Marjorie became more furious as she made her way through the churchyard. How dare that bastard allude to her dear little Binky, a most beautiful pekingese, as a rat on a string! George Blair needed to be taught a lesson, him and his unbending, bombastic, military attitude. He was intolerable and intolerant. He’d recently tried to stop planning permission for an extension on a cottage in the village simply because the owners were gay, and now refused to buy his papers from the village shop because the new owners were Indian. The man was a dinosaur.

Marjorie hurried down Brook Lane, George Blair’s house was at the very end, a lovely old Cotswold stone building with wonderful views of open farmland – except he’d only be able to see them from upstairs. The back garden was surrounded by high walls, with ivy trailing over the top. If Marjorie’s plan was to succeed she had to get into that garden. Her cunning plan was to raid George’s pumpkin patch. The old blighter had done nothing but brag about the pumpkin he’d grown for the Harvest Festival Pumpkin Competition and at every parish council meeting his pumpkin got bigger, and was now apparently a pumpkin of Olympic proportions. Marjorie was going to prick his balloon. By way of nabbing his pumpkin.

Blair’s side gate creaked hideously. Marjorie held her breath. The mist swirled around her. After a minute she continued on tiptoeing up the path to the tall arched doorway that opened into the back garden. At least she needn’t worry about a dog hearing her. The big old wrought iron handle on the door was well-oiled and turned easily. She pulled the heavy door open and slipped inside, quickly taking in the perfectly mowed lawn, edged with flowerbeds, and at the far end of the garden she could make out a good sized potting shed. Keeping to the edge of the lawn and ducking under various small trees she hurried down to the shed and dodged behind it. To her delight she found she was standing in the vegetable garden right next to the old git’s pumpkin patch!

Best check all was clear before she got to work. She peered round the shed. A downstairs light had come on. Not a worry. Probably having one of his hideously expensive whiskies he was always bragging about. ‘Give me a pint of Guinness any day,’ she muttered. Marjorie dug in her pockets for her little penlight torch. The small beam quickly picked out an enormous orange blob in the middle of the patch. ‘Good lord!’ she muttered when she stood beside it and took in the size, ‘The mother of all pumpkins!’ Blair hadn’t been exaggerating after all. It wasn’t going to be easy getting this monster home, in fact it was going to be nigh on impossible without a wheelbarrow, and she only had a sack. There was no way she could carry it. But she could still ruin his day. In a few minutes she was getting down and dirty beside the pumpkin with her penknife, carving out an enormous wedge. The moon slipped out from behind a cloud as she manhandled the pumpkin piece into her sack, stood up, and slung it over her shoulder. She was just going to set off when she thought she heard a cough. She froze. Had she imagined it? Cautiously she crept back to the side of the shed and peered at the house. Across the lawn the patio doors were open and the downstairs light was still on. But no sign of anyone. She decided to get out now. Leg it!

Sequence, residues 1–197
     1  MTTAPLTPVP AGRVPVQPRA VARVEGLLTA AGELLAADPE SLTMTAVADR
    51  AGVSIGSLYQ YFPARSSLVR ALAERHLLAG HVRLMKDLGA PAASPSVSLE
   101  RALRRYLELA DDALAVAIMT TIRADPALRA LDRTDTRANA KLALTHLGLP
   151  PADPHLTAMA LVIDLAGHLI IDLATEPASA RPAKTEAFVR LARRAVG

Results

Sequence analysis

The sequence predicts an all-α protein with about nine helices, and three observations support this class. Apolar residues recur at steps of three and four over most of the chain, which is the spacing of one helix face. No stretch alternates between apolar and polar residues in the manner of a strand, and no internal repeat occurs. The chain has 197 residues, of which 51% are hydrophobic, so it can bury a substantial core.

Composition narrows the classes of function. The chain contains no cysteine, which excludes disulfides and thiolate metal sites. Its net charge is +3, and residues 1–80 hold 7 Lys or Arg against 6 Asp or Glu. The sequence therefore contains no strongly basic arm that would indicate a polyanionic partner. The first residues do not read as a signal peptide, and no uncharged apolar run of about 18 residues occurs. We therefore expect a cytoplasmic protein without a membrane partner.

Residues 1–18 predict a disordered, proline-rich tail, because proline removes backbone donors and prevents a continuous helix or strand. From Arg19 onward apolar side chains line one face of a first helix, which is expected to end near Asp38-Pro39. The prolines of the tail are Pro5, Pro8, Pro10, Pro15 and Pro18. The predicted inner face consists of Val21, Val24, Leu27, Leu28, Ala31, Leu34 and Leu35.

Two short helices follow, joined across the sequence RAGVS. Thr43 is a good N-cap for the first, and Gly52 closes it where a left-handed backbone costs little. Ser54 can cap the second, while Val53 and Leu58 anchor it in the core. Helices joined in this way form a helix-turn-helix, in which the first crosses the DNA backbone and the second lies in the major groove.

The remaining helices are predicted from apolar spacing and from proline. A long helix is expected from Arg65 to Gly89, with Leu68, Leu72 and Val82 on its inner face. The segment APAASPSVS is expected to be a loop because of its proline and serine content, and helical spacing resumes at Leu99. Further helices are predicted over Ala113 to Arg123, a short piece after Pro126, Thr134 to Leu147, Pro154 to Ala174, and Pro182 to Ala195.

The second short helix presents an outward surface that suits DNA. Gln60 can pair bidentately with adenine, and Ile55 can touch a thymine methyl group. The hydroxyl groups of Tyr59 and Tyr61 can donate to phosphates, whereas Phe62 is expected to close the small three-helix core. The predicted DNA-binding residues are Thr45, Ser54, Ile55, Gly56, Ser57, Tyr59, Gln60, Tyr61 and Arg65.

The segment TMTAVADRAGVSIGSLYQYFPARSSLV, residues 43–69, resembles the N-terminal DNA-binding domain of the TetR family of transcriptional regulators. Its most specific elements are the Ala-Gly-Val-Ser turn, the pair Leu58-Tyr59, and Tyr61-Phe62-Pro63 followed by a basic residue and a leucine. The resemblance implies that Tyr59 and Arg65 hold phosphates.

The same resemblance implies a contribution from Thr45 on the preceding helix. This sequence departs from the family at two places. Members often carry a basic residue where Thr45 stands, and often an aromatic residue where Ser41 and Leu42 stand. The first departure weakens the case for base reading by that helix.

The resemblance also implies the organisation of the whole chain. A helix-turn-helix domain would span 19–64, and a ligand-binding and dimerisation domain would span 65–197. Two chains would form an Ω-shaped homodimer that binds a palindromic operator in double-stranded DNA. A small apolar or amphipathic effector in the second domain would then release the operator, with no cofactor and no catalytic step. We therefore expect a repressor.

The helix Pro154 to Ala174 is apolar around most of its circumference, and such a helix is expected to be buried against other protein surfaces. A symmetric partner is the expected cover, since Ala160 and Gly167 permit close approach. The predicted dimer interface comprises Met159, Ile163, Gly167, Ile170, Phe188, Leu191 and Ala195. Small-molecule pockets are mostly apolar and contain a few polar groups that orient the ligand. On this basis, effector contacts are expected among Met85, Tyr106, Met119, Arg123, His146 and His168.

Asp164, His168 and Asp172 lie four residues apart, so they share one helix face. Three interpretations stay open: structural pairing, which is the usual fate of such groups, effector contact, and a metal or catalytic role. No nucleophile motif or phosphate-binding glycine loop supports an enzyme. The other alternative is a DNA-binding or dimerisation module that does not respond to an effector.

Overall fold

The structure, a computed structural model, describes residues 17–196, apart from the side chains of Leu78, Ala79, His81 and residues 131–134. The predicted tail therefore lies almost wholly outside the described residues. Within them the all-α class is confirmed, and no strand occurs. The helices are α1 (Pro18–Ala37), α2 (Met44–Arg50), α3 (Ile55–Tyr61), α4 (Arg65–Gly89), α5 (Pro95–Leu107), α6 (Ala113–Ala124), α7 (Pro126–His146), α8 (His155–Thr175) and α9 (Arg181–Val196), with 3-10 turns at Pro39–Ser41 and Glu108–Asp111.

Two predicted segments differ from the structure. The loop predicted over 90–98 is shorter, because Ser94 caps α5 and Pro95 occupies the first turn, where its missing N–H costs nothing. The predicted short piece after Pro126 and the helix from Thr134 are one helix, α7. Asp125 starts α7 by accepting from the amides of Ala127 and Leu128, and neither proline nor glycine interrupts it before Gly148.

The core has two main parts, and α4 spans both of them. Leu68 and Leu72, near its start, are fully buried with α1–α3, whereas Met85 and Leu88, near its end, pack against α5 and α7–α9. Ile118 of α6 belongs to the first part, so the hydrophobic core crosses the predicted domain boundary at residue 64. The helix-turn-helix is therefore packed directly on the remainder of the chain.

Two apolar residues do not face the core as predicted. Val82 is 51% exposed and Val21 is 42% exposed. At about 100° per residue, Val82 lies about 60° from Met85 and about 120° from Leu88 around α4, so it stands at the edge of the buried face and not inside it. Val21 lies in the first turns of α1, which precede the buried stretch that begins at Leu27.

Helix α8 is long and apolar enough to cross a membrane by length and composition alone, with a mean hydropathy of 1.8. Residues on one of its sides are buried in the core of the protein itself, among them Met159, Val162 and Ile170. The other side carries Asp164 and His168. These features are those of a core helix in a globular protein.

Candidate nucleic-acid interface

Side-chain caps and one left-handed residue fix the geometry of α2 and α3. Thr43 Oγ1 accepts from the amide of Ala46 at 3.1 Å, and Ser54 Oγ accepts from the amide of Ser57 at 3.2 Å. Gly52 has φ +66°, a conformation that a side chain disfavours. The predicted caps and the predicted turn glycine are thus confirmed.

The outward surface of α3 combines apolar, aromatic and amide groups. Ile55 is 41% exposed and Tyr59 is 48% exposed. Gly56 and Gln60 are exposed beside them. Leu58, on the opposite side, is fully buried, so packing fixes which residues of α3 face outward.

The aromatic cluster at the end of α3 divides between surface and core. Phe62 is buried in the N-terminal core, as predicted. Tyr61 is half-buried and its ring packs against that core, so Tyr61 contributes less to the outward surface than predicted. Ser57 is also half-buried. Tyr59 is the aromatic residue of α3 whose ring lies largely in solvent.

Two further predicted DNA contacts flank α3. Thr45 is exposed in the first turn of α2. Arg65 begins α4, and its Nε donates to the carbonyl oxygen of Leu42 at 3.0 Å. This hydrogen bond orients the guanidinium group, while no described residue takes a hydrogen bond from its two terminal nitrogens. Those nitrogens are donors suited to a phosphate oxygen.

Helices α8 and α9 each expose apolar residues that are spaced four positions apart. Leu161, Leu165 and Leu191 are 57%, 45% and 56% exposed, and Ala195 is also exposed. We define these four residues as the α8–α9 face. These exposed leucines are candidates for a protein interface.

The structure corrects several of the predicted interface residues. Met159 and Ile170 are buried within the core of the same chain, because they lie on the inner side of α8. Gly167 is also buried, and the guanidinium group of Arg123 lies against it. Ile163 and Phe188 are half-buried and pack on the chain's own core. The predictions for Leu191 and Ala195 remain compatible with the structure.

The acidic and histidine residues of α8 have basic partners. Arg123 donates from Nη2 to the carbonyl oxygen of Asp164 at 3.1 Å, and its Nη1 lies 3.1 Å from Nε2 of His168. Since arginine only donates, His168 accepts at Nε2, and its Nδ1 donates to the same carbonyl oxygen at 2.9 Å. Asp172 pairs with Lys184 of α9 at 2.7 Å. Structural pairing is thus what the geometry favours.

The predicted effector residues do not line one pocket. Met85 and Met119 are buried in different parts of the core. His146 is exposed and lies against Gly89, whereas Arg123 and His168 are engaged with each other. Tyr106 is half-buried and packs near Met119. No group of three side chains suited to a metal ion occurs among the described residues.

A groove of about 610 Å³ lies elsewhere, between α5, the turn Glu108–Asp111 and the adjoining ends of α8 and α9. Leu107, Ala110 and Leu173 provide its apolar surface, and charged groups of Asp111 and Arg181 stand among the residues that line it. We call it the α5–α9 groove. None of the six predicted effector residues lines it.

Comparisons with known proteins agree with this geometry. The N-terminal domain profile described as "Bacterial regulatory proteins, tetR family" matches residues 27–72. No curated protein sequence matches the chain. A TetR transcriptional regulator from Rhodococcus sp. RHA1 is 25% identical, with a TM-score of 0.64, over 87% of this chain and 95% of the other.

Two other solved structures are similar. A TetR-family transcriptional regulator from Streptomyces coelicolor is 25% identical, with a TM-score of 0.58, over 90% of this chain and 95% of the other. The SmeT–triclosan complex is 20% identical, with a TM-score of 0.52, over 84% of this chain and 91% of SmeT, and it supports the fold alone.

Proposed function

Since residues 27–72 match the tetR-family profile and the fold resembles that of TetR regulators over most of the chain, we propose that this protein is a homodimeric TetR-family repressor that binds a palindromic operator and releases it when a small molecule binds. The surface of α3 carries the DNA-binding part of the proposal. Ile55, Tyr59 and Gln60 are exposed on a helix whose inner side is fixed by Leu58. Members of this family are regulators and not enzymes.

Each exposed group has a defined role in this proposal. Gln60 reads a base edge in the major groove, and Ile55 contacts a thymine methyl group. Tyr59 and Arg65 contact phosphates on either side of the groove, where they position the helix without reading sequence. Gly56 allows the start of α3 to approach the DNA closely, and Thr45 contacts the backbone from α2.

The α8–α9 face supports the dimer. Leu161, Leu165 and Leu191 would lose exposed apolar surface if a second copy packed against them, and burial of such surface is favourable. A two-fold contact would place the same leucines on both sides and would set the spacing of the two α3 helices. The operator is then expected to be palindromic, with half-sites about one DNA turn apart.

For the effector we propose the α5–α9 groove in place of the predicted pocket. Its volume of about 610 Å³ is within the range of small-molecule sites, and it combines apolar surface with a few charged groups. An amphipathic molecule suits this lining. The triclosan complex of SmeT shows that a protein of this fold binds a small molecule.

Marjorie pulled her hoodie well down over her face and taking a firm grip on her sack she launched herself from behind the shed.

She collided heavily with a tall blonde woman coming from the opposite direction.

‘Aagh!’ they both yelled.

Marjorie, who had lost her balance, and ended up on her ample backside, peered up from under her hood at the blonde in the moonlight. She didn’t get it. Blair had never talked of a wife or girlfriend. The dirty old sod had kept this quiet! The blonde was looking equally shocked. Marjorie noticed she was wearing a bright pink ballroom dancing dress and silver high heels. Her gaze travelled up to the woman’s face – a dreadful make-up job from what she could see between the strands of long blonde hair. Two puddles of black mascara and … a handlebar moustache!

‘George?’ gasped Marjorie in amazement.

George Blair grabbed at a set of earphones which snagged in the blonde hair and whipped the wig off with them. Marjorie caught a few brief strains of James Last’s ‘Somewhere My Love‘.

‘Please Marjorie, I’m begging you!’ George’s voice was stricken with panic.

Marjorie got up, smiling. ‘Dancing round the garden in drag to James Last George. What will the neighbours think?’

‘Please! … Marjorie! … I’ll do anything!’

‘I’m sure you will George. From now on I’m sure you will!’

Marjorie picked up the sack and slung it over her shoulder, the pumpkin would make a nice bunch of pies for the Harvest Festival.

In a Walled Garden …